Israel tasks ex-Supreme Court chief Aharon Barak to serve at Hague genocide hearings

Israel tasks ex-Supreme Court chief Aharon Barak to serve at Hague genocide hearings

The Times of Israel reports:

Retired Supreme Court President Aharon Barak, 87, will be Israel’s appointee to the 15-judge panel at the International Court of Justice in The Hague that will this week hear South Africa’s case accusing Israel of genocide in Gaza, Jerusalem announced Sunday.

The Foreign Ministry confirmed Barak’s appointment to The Times of Israel.

Barak’s name was suggested by the International Department of the State Attorney’s Office, backed by Attorney General Gali Baharav Miara and personally approved by Prime Minister Benjamin Netanyahu, Channel 12 reported.

Beyond the permanent panel of the ICJ, both parties to a case may themselves nominate a judge to join the deliberations. Decisions are made by a simple majority of the presiding judges. [Continue reading…]

The Times of Israel reports:

Yisrael Beytenu MK Oded Forer on Monday announced that he is collecting lawmakers’ signatures in an effort to expel MK Ofer Cassif from the Knesset over his public support for a South African motion accusing Israel of genocide before the International Court of Justice.

In addition to signing a petition in favor of the genocide hearings in the Hague, Cassif “added on social media that the government is committing ‘crimes’ in Gaza, in the name of the people,” Forer said in a post on social media platform X.

His “treasonous words must no longer be heard while the blood of our soldiers and citizens screams from the ground,” he continued, recalling that Cassif had previously been disqualified from running for Knesset by the Central Elections Committee, in a decision that was later overturned by the Supreme Court.

Cassif “chose during the war to join one of the most destructive initiatives for the security of the State of Israel, thus supporting the fight of Hamas against Israel,” Forer alleged. “He must soon find himself outside the borders of the Knesset and preferably also outside the borders of the State of Israel.”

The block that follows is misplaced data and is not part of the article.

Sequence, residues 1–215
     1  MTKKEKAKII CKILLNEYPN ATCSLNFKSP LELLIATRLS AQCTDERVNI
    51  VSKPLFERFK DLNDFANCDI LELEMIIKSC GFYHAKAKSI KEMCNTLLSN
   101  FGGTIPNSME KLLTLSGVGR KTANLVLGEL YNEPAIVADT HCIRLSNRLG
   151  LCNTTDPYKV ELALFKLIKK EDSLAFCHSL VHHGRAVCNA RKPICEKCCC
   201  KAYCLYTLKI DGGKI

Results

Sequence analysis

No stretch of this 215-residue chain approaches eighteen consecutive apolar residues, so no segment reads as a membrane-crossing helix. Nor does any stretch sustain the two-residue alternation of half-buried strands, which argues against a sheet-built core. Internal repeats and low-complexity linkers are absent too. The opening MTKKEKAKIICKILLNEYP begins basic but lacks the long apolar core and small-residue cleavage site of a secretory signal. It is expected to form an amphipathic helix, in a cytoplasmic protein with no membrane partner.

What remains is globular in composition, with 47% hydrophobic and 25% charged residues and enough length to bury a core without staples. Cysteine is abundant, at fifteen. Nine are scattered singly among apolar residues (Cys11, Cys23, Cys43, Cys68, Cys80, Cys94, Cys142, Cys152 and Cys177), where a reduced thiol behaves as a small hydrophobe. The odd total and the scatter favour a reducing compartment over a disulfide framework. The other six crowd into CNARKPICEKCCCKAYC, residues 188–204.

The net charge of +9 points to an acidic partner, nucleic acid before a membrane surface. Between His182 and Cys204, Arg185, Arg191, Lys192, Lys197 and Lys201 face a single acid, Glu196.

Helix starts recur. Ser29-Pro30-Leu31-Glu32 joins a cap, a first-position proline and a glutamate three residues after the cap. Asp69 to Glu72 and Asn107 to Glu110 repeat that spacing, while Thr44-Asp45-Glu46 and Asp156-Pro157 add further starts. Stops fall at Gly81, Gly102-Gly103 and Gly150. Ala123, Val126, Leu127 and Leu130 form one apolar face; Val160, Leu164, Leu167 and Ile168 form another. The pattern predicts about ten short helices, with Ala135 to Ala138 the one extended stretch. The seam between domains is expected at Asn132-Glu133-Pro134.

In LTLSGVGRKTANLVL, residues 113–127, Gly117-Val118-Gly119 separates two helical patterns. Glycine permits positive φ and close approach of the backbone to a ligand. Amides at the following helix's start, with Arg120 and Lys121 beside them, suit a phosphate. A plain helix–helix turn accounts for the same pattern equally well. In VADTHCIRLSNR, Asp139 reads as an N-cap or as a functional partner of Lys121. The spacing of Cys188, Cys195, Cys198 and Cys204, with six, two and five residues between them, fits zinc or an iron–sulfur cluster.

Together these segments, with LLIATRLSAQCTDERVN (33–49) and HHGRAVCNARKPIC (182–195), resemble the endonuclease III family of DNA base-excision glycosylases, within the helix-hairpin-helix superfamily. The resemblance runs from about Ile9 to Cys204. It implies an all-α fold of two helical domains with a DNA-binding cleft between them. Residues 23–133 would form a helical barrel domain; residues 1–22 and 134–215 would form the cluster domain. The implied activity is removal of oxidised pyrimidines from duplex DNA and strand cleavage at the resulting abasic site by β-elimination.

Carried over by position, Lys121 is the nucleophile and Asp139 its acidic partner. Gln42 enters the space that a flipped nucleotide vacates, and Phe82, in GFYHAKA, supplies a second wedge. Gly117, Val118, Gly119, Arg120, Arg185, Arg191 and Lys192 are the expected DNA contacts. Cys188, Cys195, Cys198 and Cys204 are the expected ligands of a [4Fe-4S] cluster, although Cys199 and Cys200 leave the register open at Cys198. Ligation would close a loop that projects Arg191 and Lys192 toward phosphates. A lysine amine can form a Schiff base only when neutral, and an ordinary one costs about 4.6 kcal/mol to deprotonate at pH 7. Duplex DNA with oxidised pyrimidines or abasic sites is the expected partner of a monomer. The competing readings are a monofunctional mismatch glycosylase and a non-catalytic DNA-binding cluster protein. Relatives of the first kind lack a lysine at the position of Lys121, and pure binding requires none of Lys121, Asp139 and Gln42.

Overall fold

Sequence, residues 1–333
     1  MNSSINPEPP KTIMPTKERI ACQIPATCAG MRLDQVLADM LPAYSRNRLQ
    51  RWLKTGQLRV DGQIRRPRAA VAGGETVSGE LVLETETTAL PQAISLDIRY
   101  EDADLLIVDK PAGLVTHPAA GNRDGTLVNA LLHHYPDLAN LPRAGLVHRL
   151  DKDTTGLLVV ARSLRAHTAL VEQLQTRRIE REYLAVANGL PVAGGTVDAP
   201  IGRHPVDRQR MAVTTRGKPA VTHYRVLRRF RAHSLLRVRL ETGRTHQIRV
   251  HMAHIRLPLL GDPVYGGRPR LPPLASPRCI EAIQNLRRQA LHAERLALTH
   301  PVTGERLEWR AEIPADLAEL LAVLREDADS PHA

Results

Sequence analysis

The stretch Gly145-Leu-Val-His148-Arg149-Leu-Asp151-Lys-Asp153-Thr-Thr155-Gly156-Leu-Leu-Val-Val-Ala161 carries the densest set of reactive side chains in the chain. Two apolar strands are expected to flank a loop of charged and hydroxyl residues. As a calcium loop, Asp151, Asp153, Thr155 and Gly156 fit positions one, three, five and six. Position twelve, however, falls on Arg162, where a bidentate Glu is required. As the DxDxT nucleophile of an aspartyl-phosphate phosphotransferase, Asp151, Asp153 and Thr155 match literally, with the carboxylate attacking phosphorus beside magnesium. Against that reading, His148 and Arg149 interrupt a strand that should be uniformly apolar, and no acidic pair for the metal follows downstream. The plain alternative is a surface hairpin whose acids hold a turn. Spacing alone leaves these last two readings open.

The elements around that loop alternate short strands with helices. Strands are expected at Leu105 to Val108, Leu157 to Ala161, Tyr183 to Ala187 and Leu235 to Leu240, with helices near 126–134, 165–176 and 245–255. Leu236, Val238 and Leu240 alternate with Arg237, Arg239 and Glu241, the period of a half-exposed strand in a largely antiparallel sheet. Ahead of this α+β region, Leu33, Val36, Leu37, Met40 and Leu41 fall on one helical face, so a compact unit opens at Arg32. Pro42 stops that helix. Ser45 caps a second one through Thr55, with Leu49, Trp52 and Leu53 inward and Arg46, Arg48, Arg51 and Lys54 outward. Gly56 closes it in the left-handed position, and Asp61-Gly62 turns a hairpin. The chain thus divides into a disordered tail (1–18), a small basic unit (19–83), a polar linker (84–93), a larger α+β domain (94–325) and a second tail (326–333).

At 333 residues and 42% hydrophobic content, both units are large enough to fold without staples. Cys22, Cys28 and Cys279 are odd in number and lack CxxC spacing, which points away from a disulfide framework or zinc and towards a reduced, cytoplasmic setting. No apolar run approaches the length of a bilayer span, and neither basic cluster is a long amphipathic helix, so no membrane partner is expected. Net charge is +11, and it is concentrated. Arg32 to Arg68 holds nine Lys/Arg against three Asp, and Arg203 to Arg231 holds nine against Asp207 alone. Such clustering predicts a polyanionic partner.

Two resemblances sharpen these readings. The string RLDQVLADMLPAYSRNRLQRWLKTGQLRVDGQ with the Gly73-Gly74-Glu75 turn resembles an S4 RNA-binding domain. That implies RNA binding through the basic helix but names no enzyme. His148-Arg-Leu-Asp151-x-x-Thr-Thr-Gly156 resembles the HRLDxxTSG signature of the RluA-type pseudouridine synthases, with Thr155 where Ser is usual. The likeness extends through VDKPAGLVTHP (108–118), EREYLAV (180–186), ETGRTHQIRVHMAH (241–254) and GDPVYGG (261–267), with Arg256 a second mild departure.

According to Basic Law: The Knesset, 90 Knesset members may vote to expel a colleague who expressed support “for an armed struggle” against the State of Israel. Once 70 signatures are collected, the matter is referred to the Knesset House Committee and, if approved there, goes to the plenum for a vote.

Cassif, a member of the Arab-majority Hadash-Ta’al party, recently signed a petition of support for South Africa’s case and has publicly accused Israeli leaders of advocating for crimes against humanity against the Palestinians.

“My constitutional duty is to Israeli society and all its residents, not to a government whose members and its coalition are calling for ethnic cleansing and even actual genocide. They are the ones who harm the country and the people, they are the ones who led to South Africa’s petition to The Hague, not me and my friends,” he wrote on X on Sunday.

“When the government acts against society, the state, and its citizens, especially when it sacrifices them and commits crimes in their name on the altar of maintaining its existence, it is my right and even my duty to warn about this and do everything I can within the law to stop it,” he asserted, adding that he would “not give up the fight for our existence as a moral society.” [Continue reading…]

Comments are closed.